That sounds a little strange, but what I mean is this: Don’t be afraid of being nervous. If you’re anything like me, you’re going to freak out about whether your voice is going to crack or if your hands are going to shake. Don’t freak out about this. This fear is what always got the best of me before I realized I can’t help that my face turns red when I speak in front of a crowd. As long as I am aware that it happens, I have control over the situation. Over time, my face has stopped turning red simply because I recognized that it happens and that I am in control.

2. But it is okay to be nervous.

Nerves are a good thing when it comes to public speaking. They keep you on edge and make you aware of how you’re presenting. As long as you do not have excessive nerves that make you incapable of speaking fluently, it’s okay to be nervous. It means you care – and caring means you’re going to want to do well.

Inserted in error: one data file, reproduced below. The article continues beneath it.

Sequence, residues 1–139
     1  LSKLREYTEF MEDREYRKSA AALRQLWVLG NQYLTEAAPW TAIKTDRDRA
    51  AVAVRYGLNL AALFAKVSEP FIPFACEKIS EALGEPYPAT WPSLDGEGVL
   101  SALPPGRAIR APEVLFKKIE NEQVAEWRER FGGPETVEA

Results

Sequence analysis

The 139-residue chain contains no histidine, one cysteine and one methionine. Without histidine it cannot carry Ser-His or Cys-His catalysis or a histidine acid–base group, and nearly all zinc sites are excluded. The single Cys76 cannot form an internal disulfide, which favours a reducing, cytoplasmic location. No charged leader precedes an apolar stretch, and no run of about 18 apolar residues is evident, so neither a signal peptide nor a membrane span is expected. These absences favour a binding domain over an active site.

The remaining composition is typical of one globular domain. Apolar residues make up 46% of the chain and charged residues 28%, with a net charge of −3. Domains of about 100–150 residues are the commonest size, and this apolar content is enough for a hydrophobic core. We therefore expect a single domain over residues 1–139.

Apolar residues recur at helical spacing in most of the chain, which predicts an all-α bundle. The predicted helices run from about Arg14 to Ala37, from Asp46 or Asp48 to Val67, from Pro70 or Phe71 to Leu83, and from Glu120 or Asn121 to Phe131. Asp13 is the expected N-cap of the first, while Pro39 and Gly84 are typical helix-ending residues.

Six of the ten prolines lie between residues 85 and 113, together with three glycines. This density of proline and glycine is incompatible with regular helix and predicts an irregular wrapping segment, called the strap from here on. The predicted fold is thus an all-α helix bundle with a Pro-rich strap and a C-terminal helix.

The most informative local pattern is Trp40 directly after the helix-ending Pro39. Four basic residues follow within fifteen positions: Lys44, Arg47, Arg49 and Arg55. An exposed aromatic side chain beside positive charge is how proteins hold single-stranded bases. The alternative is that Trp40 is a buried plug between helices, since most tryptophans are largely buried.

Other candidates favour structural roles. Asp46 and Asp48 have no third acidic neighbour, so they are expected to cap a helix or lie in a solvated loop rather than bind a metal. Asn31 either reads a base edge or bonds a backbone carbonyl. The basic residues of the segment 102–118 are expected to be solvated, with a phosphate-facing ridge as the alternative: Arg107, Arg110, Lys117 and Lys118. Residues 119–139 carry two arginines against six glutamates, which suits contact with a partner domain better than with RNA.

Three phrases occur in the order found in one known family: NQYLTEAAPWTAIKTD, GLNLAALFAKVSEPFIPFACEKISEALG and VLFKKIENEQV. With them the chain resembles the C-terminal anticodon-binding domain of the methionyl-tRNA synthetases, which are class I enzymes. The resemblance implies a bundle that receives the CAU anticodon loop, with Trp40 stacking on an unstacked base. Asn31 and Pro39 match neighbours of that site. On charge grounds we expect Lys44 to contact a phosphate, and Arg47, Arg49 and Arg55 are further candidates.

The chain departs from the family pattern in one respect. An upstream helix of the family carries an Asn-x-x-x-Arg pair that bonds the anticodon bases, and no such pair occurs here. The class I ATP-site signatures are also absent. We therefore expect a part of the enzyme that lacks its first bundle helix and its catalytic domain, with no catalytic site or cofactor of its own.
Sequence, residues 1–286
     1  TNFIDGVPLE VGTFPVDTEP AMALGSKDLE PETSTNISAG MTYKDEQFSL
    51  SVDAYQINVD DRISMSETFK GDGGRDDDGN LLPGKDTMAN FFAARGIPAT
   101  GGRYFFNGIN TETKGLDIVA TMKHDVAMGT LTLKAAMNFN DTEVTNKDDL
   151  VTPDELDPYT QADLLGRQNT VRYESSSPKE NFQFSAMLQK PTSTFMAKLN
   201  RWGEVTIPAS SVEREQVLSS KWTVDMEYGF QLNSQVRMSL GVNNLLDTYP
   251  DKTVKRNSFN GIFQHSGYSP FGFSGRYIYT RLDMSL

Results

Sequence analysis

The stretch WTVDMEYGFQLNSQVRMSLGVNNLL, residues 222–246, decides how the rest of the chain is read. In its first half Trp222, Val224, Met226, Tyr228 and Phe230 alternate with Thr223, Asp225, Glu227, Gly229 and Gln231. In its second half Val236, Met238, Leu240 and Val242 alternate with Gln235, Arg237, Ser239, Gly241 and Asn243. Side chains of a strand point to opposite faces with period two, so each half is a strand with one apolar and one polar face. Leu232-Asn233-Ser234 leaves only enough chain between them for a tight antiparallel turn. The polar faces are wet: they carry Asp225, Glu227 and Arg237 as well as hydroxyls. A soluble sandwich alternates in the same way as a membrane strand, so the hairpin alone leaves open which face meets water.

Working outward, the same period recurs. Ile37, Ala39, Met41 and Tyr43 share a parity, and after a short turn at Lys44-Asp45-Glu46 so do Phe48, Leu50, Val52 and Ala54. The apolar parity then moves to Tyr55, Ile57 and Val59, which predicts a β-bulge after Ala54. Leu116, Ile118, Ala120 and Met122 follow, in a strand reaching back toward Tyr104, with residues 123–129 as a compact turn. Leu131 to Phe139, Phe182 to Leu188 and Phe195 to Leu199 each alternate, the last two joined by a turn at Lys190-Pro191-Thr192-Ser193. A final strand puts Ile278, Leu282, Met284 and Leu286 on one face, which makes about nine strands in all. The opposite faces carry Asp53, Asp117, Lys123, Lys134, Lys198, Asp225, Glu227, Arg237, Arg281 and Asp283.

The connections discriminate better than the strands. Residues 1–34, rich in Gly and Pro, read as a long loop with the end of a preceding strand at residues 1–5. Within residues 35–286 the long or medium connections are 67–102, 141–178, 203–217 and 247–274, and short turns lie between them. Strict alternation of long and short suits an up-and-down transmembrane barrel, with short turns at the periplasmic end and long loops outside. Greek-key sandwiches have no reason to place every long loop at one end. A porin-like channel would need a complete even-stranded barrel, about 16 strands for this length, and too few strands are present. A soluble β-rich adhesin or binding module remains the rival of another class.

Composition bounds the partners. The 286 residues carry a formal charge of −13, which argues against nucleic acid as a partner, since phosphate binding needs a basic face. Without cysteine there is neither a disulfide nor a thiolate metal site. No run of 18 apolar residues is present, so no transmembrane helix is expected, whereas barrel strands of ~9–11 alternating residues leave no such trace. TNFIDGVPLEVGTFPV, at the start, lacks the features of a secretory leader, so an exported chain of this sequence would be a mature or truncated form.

3. Find a part of your speech/presentation that captivates you and run with it.

Sometimes, we get lucky and have presentations about topics we love. Other times, we have to present in our least favorite class about a topic we could care less about. If you can find something about your topic that interests you, this can make a huge difference and will even make you want to give the presentation. I did this for my most recent presentation; although I was required to speak about technology, I made it my own by talking about technology’s role in education – a topic that interests me.

4. Practice, practice, practice.